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Distributing Modules and Programs - Andy's Books PDF

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068229_bc_appc.qxp 12/21/06 11:46 AM Page C-1 APPENDIX C Distributing Modules and Programs N ow that you know how to build some great libraries and programs, it’s natural to share them with others. It’s pretty easy to just send someone your Python code, but there are a couple of problems with that approach: The other person has to have Python installed.It’s not thathard toinstall Python, but it might not be realistic to expect Grandma to beable to install Python just so she can see the game you wrote. Remember, to run the games, you’ll also need pygame, so that adds a little complexity to the installation as well. Your code could get messed up.A Python program is just a text file. What if the user accidentally opens your masterwork in Notepad and then randomly hits the keyboard? If the code gets typed over or some- thing gets inserted, the code will no longer work correctly. Using code in a form that’s easy to change (and break) is kind of risky. You also have to consider additional files.Most games also incorpo- rate graphics and sound effects, which come as separate files. All these files need to be stored in the right place on the user’s machine in order to work correctly. It would be great if you had a system to recreate your own set of resources on the user’s machine, including the appropriate directory structure. 068229_bc_appc.qxp 12/21/06 11:46 AM Page C-2 Modules have their own issues.If you’ve built a module like gameEngine, it will be used only by Python programmers wanting to add gameEnginefunc- tionality. You can count on these users having Python, but you have other issues: How do you install a custom module so you can access it from any program, like you do with pygame? Introducing the distutils and py2exe modules Python has a really nice built-in feature for handling these kinds of problems. There’s a special package called distutilsthat contains some really handy features for packaging up your programs so they can be run from another machine. There’s an extension to distutilscalled py2exethat goes one step farther. It packs up a Python program with all its dependencies and extra files, and packages those files in a Windows executable file (an EXE file that can be run simply by clicking on its icon). The user doesn’t have to have Python installed on his machine at all. All she needs to do is unzip the package and run the executable file you created. A custom version of Python is embedded into the program, and all the images and sound effects are automatically incorporated. (Pretty handy, huh?) There’s a couple of different ways you can package things up, depending on how the code is supposed to behave. If you’re writing a module like gameEngine, you’re packaging it up for programmers to use. You can assume they have Python installed, and they just want to add your module to their system so they can use it to write their own programs. If you’re writing a program for end users (who typically don’t have Python installed and don’t care to do so), you’ll package things up a bit differently. Iexplain both techniques here. Step Into the Real World The techniques I show you in this chapter work well,but they are not very efficient. Every executable you create with this system incorporates its own miniature Python distribution. When you take a simple script and turn it into a Windows executable,the py2exe system generates a large complex series of directories and files containing Python itself. All these files need to be retained in your executable programs. I’ve included everything on the Web site so you can see what gets created. Follow my instructions carefully,and you’ll see that I create only a few standard Python scripts by hand. All the other stuff is being created by the installation process. C-2 Appendix C:Distributing Modules and Programs 068229_bc_appc.qxp 12/21/06 11:46 AM Page C-3 Creating a Module The gameEnginemodule described in this book is a very handy tool. So far, you probably re-used it by copying it into whatever directory you are currently using. There are a couple of problems with that approach. It gets tedious to keep copying the program.It would be great if it were auto- matically available to all your Python programs, like pygame is. It can be risky to have several copies of the same library.If you have five different games using gameEngineand you decide to make an improvement tothe module, you have to either copy that change to all five versions of gameEngine.pyor you have confusing inconsistencies, because one version of gameEnginedoes things the other versions don’t do. Installable Module Overview Fortunately, it’s pretty easy to set up a module so it can be installed into a program- mer’s Python system. If you want to make an installable module, follow these steps: 1. Prepare the module. It’s best to put a copy of the module into its own directory. Otherwise you’ll likely end up confused about what goes into the module and what doesn’t. Put any other files that module needs in the same directory. (For example, gameEngineuses freesansbold.ttf, so I put a copy of that font file in the directory.) 2. Write a setup.pyscript. Create a simple Python program to manage your module. This program (tradition- ally called setup.py) doesn’t really do much on the surface, but it accesses an incredibly powerful Python routine. The setup.pyprogram passes information about your module to another function called distutils.core.setup(). Here’s my setup.pyprogram for the gameEnginemodule: # setup.py from distutils.core import setup setup(name = “gameEngine”, version = “1.0”, py_modules=[“gameEngine”], author=”Andy Harris”, author_email=”[email protected]”, url=”http://www.cs.iupui.edu/~aharris/pgl” data_files=[(‘’,[“freesansbold.ttf”])] ) Creating a Module C-3 068229_bc_appc.qxp 12/21/06 11:46 AM Page C-4 Information Kiosk Don’t panic if this code doesn’t make sense to you yet. I’ll explain the setup.pyscript in the next section. 3. Save the setup.pyscript in the same directory as the program file. Generally it should be called setup.py. 4. Run the setup.pyscript. Go to the command line and run setup.pywith its distribution option, likethis: python setup.py sdist 5. Examine the results. setup.pywill create two new directories. The builddirectory is used during the process of creating the module. Once your module is finished, you can safely delete the builddirectory if you want. The other directory is called dist. Inside that directory, you’ll find one ZIP file containing everything you need. (If you’re using Linux or Mac OS, you will have a tarball rather than a ZIP file.) Note that the program may complain about the lack of a MANIFEST or README file. If you want to avoid this warning, you can simply incorporate text files with these names. MANIFEST is normally a simple list of the files included in a package, and README is a text file describing how to install and use the program. Neither is absolutely necessary. 6. Make a Windows installer if you anticipate users will be running Windows. If you know your audience uses Windows, you can run a variation that creates an installer for you. python setup.py bdist_wininst Watch Your Step You should use a Windows machine to create a Windows installer,because the process uses several DLL files peculiar to Windows. When you use this option, look in the distdirectory, and you’ll see an executable (EXE) file. If the user runs this program, your module will automatically install, and the user won’t ever need to manually run the setup.pyfile. Figure C-1 shows the installation package running in Windows. C-4 Appendix C:Distributing Modules and Programs 068229_bc_appc.qxp 12/21/06 11:46 AM Page C-5 Figure C-1:Using the bdist option gives you a professional installation option for your module. 7. Run the setup.pyinstallation. Mac and Linux users will not be able to use the Windows installer. Fortunately, the same setup.pyscript you use to create the distribution can be used to install the source distribution that works on every machine. The ZIP file created by setup.pyalso includes a copy of the same setup.pyprogram. To use it, have your users unpack the compressed file and run this variant of setup.py: python setup.py install Step Into the Real World The sdistqualifier is a command-lineparameter. This tells setup.pythat it should create a source (or plain code in text files) distribution package. As you see in step 6,there are also binary distribution commands. When users want to install the module,they’ll use a different command that installs the module. This is described in step 7. Creating a Module C-5 068229_bc_appc.qxp 12/21/06 11:46 AM Page C-6 Step Into the Real World The Windows installer is a terrific option,but this particular tool is only used for adding a custom module to a system that already includes Python. If you want to do something similar with your finished games,you need to create an executable version of the game,and add an installer to it. I show both these techniques in this appendix. This runs the same setup.pyprogram but uses installmode, which automati- cally installs the files in the appropriate place on the hard drive. Writing the setup.py script The setup.pyscript begins with an importstatement. After ensuring you have access to distutils.setup, simply call the setup()function with a set of custom parameters. Of course, the parameters are really the key to a successful setup.pyprogram. The documentation for setup.pylists many parameters, but those in Table C-1 are the most important. Table C-1 Setup.py Parameters Name Type Description name string The name of the module or program as it willbe seen by Python. version string represen- Used to keep track of different versions tation of number of your program. It’s a very good idea to incorporate version numbers so users can tellwhen they should upgrade. py_modules list of strings List containing modules in your distribution (used primarily in modules). author string Author’s name. author_email string E-mail address. url string Project’s main URL. data_files list of Describes where any other files needed by (dir: directory the distribution can be found and should be string fileList: located in the final version. Use “.”to list of filenames) indicate currentdirectory. tuples console string filename Name of Python program that should be run in the console (used only in py2exe). C-6 Appendix C:Distributing Modules and Programs 068229_bc_appc.qxp 12/21/06 11:46 AM Page C-7 The setup.pyprogram for installing a module is usually pretty simple. As an exam- ple, here again is the setup.pyprogram for the gameEnginemodule followed by the steps to create it: # setup.py for gameEngine from distutils.core import setup setup(name = “gameEngine”, version = “1.0”, py_modules=[“gameEngine”], author=”Andy Harris”, author_email=”[email protected]”, url=”http://www.cs.iupui.edu/~aharris/pgl”, data_files=[(‘’,[“freesansbold.ttf”])] ) 1. Import the setup()function from distutils. The setupfunction is part of the distutilsmodule that comes with Python. Import the utility so you can use it. from distutils.core import setup 2. Run the setup()function to start the whole process. Inform the setup()function of the name of your module. setup(name = “gameEngine”, 3. Determine a version. Although the version isn’t strictly necessary, it can be very handy, especially if your module gets popular and people start using it. version = “1.0”, 4. List the modules to include. Since this is a very simple package with only one module, I simply include that module’s name. py_modules=[“gameEngine”], 5. Include contact information. Add these values so that users can reach you (presumably with gifts, because your module is so useful). author=”Andy Harris”, author_email=”[email protected]”, url=”http://www.cs.iupui.edu/~aharris/pgl”, 6. List any other files that should be included. I found that gameEngineworks better if it avoids SysFontand directly loads the default font instead. By adding this directive, I ensure that the default pygame font will always be installed with gameEngine. data_files=[(‘’,[“freesansbold.ttf”])] Creating a Module C-7 068229_bc_appc.qxp 12/21/06 11:46 AM Page C-8 Step Into the Real World The data_filesparameter looks really complicated,but it isn’t quite as messy as it looks. Data_filescontains a list of values. Each element of this list is a tuple, representing a subdirectory and the files in that directory. The tuple has two values: the direc- tory name (‘’ for the current directory) and anotherlist containing names of files in the directory that should be included. In my example,I want to include one file called freesansbold.ttf, which is found in the same directory as the gameEngine.pyprogram itself. You can use the data_filesdirective to add any other resources that your module needs. These resources should generally be in the same directory as the current file. Transfer I explain the data_filesdirective more completely in the next section on creating executables. Creating a Windows Executable The py2exeprogram extends the distutilsmodule by allowing you to build a com- plete Windows executable from your game. With this system in place, the user won’t need to have Python or pygame installed. When they install the game, it simply runs. Optimizing a game for py2exe I have discovered a couple of things that cause problems when building executables with py2exe. Your code will be much easier to turn into an executable program if you follow these guidelines: Put the game in its own directory.Put the game file and any other files it is dependent upon in its own directory. If you need graphics, external fonts, or sound effects, put them all in the primary directory or as simple a subdirectory structure as you can get away with. Remove anything that’s not a critical part of the game from the main directory structure. Use external fonts.The biggest headaches seem to come from problems with the Fontclass. I consistently have trouble with SysFontsworking correctly in compiled games. The easiest way to do this is to simply use TTF files (using the standard Fontclass). If you want to use the standard pygame font, copy it from the pygame distribution (look in Lib/site-packages/pygamefor freesansbold.ttf). If you’re using gameEngine, it will include a copy of this font. C-8 Appendix C:Distributing Modules and Programs 068229_bc_appc.qxp 12/21/06 11:46 AM Page C-9 As an example, I’ve written a simple game called Bugs (bugs.pyto be more spe- cific) that illustrates a famous problem in computer science and statistics called the “random walk.” I made it more interesting by creating a hundred bugs dashing around the screen. Figure C-2 illustrates the Bugs program. Figure C-2:This is one program that’s supposedto have a lot of bugs in it. The code for the Bugs simulation is pretty simple, because gameEnginedoes most of the work: “”” bugs.py random bug simulation using gameEngine “”” import random, pygame, gameEngine class Bug(gameEngine.SuperSprite): def __init__(self, scene): gameEngine.SuperSprite.__init__(self, scene) self.image = self.setImage(“bug.gif”) self.setPosition((320, 240)) self.setSpeed(1) def checkEvents(self): “”” move semi-randomly “”” self.speedUp(random.randint(-1, 1)) Creating a Windows Executable C-9 068229_bc_appc.qxp 12/21/06 11:46 AM Page C-10 self.turnBy(random.randint(-15, 15)) def main(): game = gameEngine.Scene() game.setCaption(“Bugs!”) game.background.fill((0xff, 0xff, 0xff)) lblTitle = gameEngine.Label() lblTitle.center = (320, 30) 9 lblTitle.font = pygame.font.Font (“freesansbold.ttf”, 20) lblTitle.text = “Bugs!” bugs = [] for i in range(100): bugs.append(Bug(game)) game.sprites = [bugs, lblTitle] game.start() if __name__ == “__main__”: main() Even though the program is relatively simple, there’s several things that must be con- sidered when you try to make a standalone version of the game. It needs a copy of Python and pygame.All the gory details of Python and pygame need to be incorporated into the executable, so your program can run on a computer that doesn’t have Python installed. Pygame requires SDL and other dependencies.Remember that pygame is actually a wrapper to the SDL library, which your user may not have. The exe- cutable needs to incorporate this as well. Your game has its own resources that need to be included.Your program will need access to the sound effects, images, and fonts used in the original program. These files should be preserved in the appropriate data structure so the distrib- uted version of your program can still find them. Don’t forget gameEngine!Since this program uses the custom gameEngine module, the executable version must have access to special module as well. Fortunately, py2exeand the setup.pyprogram automate most of this for you. You just have to tell them what to do with a properly written setup.pyprogram. C-10 Appendix C:Distributing Modules and Programs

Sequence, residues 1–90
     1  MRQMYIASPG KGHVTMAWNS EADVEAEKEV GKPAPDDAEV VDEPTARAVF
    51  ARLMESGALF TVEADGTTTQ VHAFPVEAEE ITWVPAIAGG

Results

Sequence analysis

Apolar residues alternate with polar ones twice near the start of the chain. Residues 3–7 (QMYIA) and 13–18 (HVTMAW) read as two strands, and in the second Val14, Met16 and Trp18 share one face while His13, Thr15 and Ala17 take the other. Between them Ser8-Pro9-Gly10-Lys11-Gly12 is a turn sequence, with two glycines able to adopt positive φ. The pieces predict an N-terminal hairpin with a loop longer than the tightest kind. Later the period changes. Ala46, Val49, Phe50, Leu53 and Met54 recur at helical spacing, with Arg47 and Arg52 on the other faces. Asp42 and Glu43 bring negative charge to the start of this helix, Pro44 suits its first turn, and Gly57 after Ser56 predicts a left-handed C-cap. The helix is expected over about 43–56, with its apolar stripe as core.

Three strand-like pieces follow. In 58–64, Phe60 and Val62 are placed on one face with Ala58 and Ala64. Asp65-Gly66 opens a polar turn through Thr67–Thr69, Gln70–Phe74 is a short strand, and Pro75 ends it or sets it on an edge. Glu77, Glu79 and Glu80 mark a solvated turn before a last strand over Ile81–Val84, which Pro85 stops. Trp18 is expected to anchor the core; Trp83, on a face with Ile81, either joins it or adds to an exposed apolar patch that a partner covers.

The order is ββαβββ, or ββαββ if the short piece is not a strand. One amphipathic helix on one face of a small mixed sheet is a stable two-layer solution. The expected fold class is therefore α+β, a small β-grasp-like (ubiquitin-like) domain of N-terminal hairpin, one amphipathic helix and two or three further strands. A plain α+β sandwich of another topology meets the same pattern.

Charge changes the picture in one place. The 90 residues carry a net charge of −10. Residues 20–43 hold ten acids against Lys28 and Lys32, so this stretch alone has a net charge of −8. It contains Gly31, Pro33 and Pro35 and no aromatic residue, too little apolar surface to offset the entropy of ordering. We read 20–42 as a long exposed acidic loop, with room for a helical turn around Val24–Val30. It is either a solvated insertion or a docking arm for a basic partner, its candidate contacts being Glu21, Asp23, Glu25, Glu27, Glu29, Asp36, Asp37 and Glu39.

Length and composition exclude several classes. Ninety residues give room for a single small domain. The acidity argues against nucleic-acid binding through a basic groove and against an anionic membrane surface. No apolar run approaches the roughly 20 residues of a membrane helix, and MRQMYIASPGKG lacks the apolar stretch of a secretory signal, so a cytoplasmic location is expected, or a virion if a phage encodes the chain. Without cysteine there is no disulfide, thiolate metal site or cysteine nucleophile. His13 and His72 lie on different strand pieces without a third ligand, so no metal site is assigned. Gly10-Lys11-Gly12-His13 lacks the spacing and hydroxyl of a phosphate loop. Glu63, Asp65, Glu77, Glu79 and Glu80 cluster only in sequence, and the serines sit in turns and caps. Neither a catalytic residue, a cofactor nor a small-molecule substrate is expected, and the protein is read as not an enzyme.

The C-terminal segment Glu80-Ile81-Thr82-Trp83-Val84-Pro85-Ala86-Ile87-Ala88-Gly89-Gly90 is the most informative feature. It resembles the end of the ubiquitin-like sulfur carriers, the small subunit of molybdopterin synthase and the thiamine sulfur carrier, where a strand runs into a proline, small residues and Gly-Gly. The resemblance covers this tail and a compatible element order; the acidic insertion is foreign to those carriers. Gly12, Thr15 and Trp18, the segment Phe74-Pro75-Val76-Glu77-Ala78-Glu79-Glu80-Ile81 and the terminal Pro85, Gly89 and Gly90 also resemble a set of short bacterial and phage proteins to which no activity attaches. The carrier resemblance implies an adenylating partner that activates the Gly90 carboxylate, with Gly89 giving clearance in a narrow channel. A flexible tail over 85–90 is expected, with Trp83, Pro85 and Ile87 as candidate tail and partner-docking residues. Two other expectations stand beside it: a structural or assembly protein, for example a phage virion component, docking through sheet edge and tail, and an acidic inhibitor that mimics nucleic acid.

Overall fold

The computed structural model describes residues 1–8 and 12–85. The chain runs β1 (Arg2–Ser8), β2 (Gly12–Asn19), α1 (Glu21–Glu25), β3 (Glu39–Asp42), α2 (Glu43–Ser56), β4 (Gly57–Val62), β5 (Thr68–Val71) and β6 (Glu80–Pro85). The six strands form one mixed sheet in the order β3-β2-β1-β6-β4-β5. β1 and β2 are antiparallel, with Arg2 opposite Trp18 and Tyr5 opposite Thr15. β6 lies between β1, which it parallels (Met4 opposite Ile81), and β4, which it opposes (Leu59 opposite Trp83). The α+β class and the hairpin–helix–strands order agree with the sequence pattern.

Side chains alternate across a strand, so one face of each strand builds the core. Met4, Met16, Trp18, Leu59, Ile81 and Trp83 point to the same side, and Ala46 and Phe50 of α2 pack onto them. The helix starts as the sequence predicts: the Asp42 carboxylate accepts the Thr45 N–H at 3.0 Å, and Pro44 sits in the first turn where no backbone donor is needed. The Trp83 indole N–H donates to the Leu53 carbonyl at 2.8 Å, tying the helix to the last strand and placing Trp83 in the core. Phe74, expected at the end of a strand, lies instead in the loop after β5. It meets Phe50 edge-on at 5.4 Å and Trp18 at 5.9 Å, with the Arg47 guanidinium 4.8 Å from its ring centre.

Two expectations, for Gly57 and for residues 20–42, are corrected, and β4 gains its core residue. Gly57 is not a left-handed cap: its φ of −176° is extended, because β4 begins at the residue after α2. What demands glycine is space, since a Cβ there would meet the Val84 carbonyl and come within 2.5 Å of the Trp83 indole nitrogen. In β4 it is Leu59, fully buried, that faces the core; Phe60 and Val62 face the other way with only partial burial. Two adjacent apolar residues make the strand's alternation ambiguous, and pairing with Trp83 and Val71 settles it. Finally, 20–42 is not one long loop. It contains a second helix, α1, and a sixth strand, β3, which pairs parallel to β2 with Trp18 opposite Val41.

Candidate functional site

How do you install a custom module so you can access it from any program, like you do with pygame? Introducing the distutils and py2exe modules. Python has